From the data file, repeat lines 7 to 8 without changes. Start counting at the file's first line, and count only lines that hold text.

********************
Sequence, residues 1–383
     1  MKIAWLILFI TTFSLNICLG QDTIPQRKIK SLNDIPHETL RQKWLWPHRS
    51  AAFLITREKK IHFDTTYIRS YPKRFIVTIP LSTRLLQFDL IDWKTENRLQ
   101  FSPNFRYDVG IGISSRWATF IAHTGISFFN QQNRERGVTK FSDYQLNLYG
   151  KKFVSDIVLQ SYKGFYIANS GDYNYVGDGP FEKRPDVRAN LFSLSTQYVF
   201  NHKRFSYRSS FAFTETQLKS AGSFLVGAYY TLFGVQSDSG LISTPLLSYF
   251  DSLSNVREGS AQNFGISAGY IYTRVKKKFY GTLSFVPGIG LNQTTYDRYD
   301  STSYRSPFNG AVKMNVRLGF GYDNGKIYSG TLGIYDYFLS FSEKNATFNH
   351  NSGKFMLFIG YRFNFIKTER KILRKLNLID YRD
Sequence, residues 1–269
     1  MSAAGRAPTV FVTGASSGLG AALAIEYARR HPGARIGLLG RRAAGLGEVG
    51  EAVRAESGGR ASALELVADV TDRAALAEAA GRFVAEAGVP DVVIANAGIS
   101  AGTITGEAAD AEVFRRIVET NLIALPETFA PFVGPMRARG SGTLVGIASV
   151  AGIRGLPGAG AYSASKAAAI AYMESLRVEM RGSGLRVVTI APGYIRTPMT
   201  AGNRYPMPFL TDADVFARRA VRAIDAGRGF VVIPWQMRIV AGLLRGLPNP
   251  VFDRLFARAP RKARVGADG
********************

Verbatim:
   251  DSLSNVREGS AQNFGISAGY IYTRVKKKFY GTLSFVPGIG LNQTTYDRYD
   301  STSYRSPFNG AVKMNVRLGF GYDNGKIYSG TLGIYDYFLS FSEKNATFNH